66 Years of Marriage, Death 39 Hours Apart
by Emily Macke
Ohio’s Mansfield News Journal recently shared what it calls the “enduring love story” of a local couple married for 66 years who died only 39 hours apart.
Although it is easy to note how remarkable the timing of their deaths was, the way Bob and Eleanor Rietschlin lived their marriage and family life for the six and a half decades preceding their 2013 passing from this life is a striking testament to the beauty of the Sacrament of Matrimony.
Bob and Eleanor met at Sacred Heart of Jesus parish in Bethlehem Ohio, during the 1942 Christmas pageant. Eleanor was cast as Mary, and Bob as Joseph. Rehearsals were held every Sunday, and the two would chat behind the scenes.
Bob and Eleanor began dating soon after and were engaged in 1944, just before Bob left for the army. Letters were exchanged between the two as their courtship continued. Before turning 21, the two were united in the Sacrament of Marriage on a frigid February day in 1947.
The early days of marriage were challenging. According to the Mansfield News Journal, Eleanor had difficulty adjusting to farm life, which included an outhouse and a hand pump instead of indoor plumbing. Even more so, the couple endured the trial of being unable to conceive for the first few years of their marriage.
Things began to change, and for four consecutive summers a new Rietschlin was welcomed into their home. In 1953, the family moved into the farm home formerly belonging to Bob’s grandfather. They never moved again. In all, Bob and Eleanor had nine children.
The Rietschlin children have fond memories of their childhood – playing together, especially outdoors, and having evening sing-a-longs with Bob playing the harmonica and Eleanor playing the piano. Sundays were an especially important day for the family. Bob was adamant about not working on the Sabbath. Sunday evenings were filled with music or family movies and freshly popped popcorn.
“They were very loving and life revolved around the children. They were tickled with family life,” said Rosemary Kanney, Bob’s younger sister. “I was very proud of them. They had a very happy family life.”
Pope Francis has remarked that there are three phrases that must be at the heart of family life – please, thank you and I’m sorry. Bob exhibited the latter in a poignant encounter with his son John, who moved to Canada with his wife due to conscientious objections to participating in the Vietnam War. Bob and Eleanor disagreed with their son’s decision (Bob was a World War II veteran) and did not have contact with John after his move. But when John and Donna’s second child died of Sudden Infant Death Syndrome in 1974, Bob, Eleanor and their other eight children traveled to Canada for the funeral.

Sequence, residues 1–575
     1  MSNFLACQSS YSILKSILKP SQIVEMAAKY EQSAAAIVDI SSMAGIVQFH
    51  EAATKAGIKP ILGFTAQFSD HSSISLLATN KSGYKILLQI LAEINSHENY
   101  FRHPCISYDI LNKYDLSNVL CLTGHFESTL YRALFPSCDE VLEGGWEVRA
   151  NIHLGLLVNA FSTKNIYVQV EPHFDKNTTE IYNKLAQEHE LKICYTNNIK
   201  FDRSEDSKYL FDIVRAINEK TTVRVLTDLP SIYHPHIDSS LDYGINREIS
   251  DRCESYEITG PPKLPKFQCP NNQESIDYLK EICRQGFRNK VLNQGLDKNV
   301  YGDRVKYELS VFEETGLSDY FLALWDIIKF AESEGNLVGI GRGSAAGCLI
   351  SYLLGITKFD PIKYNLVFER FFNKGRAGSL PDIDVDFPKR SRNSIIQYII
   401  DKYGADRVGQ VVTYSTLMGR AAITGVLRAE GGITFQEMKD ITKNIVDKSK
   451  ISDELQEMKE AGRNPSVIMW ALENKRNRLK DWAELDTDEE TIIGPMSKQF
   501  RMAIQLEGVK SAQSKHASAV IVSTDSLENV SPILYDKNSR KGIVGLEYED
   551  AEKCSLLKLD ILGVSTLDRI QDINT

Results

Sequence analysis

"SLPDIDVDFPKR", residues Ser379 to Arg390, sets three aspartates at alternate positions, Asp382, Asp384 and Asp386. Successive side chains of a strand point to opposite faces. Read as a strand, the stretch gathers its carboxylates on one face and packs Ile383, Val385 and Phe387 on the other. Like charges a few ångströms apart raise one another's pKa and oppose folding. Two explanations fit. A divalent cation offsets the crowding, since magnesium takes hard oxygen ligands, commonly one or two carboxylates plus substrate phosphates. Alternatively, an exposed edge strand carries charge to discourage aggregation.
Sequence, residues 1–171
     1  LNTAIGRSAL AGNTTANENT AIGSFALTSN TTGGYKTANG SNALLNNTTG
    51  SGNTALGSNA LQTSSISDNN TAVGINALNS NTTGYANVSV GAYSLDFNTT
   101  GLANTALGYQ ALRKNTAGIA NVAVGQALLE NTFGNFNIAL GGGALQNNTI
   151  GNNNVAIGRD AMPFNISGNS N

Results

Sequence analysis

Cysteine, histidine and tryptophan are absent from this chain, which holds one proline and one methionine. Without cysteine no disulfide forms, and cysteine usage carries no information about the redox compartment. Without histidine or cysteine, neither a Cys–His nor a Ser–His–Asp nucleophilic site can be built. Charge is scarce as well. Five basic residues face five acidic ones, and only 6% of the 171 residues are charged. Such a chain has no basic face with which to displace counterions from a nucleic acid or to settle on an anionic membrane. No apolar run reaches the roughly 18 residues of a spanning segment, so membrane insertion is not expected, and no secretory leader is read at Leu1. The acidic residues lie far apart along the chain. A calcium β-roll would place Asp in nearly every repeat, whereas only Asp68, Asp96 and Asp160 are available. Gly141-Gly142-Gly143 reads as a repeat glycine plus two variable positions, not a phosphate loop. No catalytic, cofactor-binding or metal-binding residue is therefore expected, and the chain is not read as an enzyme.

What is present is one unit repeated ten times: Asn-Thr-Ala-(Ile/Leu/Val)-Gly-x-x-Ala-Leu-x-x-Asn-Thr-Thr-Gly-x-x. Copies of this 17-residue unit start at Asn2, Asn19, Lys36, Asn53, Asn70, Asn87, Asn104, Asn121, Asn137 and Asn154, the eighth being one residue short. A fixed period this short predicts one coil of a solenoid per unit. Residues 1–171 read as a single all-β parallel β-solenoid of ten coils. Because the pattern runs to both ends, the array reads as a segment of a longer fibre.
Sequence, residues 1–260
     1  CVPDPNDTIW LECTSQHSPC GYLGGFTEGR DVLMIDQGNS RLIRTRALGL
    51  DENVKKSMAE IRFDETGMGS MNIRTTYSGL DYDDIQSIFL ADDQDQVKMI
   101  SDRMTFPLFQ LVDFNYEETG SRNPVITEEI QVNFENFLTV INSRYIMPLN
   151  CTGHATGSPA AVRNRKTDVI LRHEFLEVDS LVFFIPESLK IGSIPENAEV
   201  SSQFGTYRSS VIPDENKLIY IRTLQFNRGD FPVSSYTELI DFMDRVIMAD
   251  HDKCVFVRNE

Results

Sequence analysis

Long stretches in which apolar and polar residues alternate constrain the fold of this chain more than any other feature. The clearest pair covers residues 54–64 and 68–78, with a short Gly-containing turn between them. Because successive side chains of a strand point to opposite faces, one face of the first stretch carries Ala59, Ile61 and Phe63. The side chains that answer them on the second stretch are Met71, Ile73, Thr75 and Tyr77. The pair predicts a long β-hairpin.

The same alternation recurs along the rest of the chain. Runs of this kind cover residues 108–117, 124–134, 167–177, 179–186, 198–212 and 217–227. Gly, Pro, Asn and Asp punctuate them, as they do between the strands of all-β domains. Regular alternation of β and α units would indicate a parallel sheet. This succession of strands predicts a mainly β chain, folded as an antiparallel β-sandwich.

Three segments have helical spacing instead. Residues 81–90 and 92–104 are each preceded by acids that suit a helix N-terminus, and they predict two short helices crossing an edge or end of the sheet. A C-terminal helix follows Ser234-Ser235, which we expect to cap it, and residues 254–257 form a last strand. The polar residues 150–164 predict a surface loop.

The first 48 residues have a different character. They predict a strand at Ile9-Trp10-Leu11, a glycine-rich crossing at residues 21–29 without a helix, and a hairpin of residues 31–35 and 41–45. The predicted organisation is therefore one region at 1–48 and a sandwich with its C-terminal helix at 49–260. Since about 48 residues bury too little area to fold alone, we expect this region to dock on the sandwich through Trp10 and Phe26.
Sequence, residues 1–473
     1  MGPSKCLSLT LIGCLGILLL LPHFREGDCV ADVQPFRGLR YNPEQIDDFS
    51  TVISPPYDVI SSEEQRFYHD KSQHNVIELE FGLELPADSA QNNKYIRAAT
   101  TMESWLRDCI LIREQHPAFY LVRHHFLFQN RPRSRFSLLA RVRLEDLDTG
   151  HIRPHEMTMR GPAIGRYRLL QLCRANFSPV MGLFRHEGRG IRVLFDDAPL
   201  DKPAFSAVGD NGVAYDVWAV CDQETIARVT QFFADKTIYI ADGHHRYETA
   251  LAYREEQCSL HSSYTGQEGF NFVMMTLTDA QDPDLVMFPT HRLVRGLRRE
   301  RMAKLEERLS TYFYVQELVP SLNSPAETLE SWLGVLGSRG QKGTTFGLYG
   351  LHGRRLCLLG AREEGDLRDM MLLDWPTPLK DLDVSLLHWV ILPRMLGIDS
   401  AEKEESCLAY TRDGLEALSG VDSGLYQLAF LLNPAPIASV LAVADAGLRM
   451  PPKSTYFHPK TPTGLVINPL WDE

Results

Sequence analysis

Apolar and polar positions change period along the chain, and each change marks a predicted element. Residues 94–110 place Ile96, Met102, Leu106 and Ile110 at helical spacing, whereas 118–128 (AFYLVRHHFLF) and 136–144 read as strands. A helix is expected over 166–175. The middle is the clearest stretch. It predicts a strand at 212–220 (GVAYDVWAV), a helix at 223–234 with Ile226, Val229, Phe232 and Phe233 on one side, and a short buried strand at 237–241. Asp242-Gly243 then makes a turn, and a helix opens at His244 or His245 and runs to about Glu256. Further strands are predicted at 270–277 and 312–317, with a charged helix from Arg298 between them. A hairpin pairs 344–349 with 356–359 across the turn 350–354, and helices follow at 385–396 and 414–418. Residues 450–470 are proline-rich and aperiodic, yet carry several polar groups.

“[I]t had been three years since I’d last seen him,” John said, his voice choking with emotion. “It’s crazy. It was 40 years ago, but it still brings me to tears to remember it.”
Before the funeral, Bob spoke to his son. “He basically said this is more important. He still didn’t agree with me, but it was more important for him to be there for me,” John recalled. “Again, he didn’t agree (with the decision to leave the country), but he apologized for breaking off the relationship. After that, he stayed in contact.”
Bob and Eleanor made time together a priority in ways that suited their situation in life. While their children were still in diapers, they grocery shopped together every Thursday while relatives babysat. After Bob’s retirement, the couple took vacations together. In their final years they would sit at home together reading – Eleanor her novels, and Bob his Reader’s Digest and Catholic newspapers and magazines.
Cheryl Rietschlin, who married their son Luke, said about her parents-in-law, “The one thing that amazed me was [they] never did anything without the other. If Dad didn’t go, they didn’t go; and if Mom didn’t go, they didn’t go. They did everything together.”
Over time, Eleanor’s health declined. Bob took care of her, even learning from Eleanor how to cook their meals. Four years before her death, Eleanor went to live in a nursing home to provide the additional health care she needed. Bob faithfully visited every day.